To clarify, the spouse in this situation is not the one charging you with domestic violence, it is a prosecuting agency for a city, township, village, county etc. This prosecutor can use prior incidents against you in two different ways.
One, if you have a prior DV case, against or not against the victim in the current case, the prosecutor is unlikely to offer the 769.4A dismissal program in your case, which means we will need to set the case for trial. It may also make the charge more serious with a prior, which extends the maximum penalties.
Two, if you set your case for trial, the prosecutor may file notice of intention to use prior DV incidents at trial, either convictions or cases that were not formally charged against you. A judge decides if these incidents are allowed to be used at trial, but if they are, it's certainly a point of strength for the prosecutor in convincing a jury or judge that the current incident is in fact a crime. Facts about a past incident is likely to assist a prosecutor in convincing a jury or judge that you simply did it again, in a sense a pattern of domestic violence.
If you're charged with domestic violence in Michigan, and you believe you are falsely accused, we need to get to the bottom of why you're falsely accused.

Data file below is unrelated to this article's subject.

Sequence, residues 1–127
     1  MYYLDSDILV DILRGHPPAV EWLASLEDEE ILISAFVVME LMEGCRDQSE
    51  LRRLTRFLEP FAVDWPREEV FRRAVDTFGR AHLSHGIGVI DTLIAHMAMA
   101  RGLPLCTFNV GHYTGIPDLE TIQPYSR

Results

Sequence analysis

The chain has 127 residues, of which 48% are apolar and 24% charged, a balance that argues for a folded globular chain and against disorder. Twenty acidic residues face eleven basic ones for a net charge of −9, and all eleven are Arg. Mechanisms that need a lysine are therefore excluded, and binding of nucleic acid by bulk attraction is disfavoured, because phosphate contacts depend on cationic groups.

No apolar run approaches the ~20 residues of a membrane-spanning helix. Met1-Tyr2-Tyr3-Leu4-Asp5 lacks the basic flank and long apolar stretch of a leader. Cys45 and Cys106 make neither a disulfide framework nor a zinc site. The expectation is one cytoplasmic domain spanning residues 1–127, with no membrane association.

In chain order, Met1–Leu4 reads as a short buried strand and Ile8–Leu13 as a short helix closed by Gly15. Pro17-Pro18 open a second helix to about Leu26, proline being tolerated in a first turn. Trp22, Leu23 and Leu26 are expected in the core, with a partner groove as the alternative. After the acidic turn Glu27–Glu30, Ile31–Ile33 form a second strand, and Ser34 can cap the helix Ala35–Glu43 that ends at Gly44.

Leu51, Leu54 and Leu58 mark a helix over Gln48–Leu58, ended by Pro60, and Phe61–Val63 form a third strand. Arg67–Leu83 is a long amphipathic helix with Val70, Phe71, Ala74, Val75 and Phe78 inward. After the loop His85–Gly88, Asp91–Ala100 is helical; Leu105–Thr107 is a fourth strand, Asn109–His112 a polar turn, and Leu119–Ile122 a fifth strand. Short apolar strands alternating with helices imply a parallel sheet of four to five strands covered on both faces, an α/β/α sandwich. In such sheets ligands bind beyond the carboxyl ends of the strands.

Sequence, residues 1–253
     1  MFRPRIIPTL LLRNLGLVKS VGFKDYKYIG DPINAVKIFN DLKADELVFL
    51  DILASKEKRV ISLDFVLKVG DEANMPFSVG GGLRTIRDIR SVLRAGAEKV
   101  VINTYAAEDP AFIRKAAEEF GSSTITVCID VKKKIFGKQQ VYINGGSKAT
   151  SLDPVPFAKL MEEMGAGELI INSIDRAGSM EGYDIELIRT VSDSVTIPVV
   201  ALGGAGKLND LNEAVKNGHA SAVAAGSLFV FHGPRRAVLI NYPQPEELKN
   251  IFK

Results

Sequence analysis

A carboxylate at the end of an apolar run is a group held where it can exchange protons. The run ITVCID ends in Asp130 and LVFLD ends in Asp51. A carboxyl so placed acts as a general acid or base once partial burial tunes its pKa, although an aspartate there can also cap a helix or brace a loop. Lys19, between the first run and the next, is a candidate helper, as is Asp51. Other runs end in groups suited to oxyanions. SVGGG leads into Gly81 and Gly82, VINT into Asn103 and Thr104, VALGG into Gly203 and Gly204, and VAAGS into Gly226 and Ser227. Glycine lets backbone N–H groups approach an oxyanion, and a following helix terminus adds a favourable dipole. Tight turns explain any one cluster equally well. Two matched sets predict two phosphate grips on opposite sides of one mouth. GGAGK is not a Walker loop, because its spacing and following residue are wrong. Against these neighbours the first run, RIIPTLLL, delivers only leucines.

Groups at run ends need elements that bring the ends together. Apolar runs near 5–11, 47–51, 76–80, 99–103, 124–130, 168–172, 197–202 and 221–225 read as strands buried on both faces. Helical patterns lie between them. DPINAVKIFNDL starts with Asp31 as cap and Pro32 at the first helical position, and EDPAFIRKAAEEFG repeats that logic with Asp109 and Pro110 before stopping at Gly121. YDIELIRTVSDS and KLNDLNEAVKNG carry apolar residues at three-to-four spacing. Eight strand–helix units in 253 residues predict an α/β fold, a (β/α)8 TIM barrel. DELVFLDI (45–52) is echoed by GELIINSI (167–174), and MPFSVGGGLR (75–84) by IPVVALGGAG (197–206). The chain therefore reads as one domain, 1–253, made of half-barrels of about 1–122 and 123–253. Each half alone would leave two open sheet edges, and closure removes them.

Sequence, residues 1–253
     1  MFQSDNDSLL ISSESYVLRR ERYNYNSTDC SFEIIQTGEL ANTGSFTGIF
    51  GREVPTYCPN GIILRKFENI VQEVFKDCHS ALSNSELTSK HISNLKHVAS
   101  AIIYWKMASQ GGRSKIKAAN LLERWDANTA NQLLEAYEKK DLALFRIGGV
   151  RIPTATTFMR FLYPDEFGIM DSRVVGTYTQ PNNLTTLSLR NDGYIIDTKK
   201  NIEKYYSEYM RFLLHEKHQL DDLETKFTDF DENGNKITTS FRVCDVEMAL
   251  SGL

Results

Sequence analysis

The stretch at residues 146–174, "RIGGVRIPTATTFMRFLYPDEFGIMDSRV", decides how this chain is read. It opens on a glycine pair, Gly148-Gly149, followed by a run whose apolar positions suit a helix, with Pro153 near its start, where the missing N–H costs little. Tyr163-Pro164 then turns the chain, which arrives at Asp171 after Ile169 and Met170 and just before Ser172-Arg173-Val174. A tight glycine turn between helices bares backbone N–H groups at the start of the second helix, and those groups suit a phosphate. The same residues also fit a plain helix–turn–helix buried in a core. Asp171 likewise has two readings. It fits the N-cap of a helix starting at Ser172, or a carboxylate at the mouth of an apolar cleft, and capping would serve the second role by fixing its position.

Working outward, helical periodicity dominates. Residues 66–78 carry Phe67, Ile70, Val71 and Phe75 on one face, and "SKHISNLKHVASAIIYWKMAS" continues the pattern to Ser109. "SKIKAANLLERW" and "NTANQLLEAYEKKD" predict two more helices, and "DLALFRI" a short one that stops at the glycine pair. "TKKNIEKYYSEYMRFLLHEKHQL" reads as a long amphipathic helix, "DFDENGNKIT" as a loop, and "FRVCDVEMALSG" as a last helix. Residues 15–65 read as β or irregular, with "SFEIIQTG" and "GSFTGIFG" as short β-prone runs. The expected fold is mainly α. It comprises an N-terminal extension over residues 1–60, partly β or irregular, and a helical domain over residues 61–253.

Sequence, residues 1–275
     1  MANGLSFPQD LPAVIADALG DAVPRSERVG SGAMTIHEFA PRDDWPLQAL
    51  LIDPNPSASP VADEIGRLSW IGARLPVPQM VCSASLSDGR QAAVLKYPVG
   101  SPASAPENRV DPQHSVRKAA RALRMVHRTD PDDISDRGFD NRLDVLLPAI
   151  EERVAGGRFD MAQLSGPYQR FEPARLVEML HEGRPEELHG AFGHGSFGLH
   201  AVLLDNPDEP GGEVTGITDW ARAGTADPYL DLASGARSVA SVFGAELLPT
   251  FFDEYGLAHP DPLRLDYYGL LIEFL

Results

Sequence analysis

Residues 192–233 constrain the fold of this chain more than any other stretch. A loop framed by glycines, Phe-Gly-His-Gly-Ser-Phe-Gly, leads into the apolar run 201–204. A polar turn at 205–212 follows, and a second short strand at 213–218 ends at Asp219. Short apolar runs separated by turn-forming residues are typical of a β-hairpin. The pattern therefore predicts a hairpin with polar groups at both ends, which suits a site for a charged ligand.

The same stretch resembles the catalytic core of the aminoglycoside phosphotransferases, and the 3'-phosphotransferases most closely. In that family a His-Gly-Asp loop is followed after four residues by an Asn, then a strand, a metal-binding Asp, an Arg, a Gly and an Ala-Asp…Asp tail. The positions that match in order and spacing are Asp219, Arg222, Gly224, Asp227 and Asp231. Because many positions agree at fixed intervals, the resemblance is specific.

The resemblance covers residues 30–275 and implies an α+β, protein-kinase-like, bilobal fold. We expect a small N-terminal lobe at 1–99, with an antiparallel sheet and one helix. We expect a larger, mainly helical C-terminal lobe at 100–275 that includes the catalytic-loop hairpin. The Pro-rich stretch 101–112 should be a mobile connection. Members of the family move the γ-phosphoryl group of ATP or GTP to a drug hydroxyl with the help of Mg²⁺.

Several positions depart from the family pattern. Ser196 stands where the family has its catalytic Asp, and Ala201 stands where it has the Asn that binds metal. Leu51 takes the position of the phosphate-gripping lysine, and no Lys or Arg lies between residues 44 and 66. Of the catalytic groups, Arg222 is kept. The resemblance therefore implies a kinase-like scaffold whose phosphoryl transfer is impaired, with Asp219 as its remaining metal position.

Did things get out of hand with the alleged victim, the police were called, but both parties played a part, but you were arrested? If the alleged victim is willing to tell the whole truth to the prosecutor and victim advocate and be helpful to our case, then there would be no additional reason for you to file for divorce. Of course, if things are escalating to where the police are called to your home, it may be a good idea to at least explore how to address that problem so it doesn't happen again or talk to the victim about the next step in your marriage. Should you guys be together? That's for the both of you to decide.
Now, if you were arrested, but believe you were not the aggressor or the person truly at fault, and the alleged victim is throwing the blame on you and not being helpful to the case, it might be a good idea to consider removing yourself legally from that person to protect your relationship with your kids, your money, and your overall happiness.
I see it too many times, a client of mine has had issues with their spouse for years and years, and they've been fighting non-stop. They continue to fight then makeup, but the other spouse uses the threat of the police and prosecuting on my client until it actually happens. This is not a healthy lifestyle and situation for my client, and it may be time to finally put their foot down. If you're already charged with DV, it is a bit too late for this case, but a lot of people come to me with a prior incident with that same person, and I can't believe they stayed with them after being falsely prosecuted in the past. This person needs to file for divorce ASAP.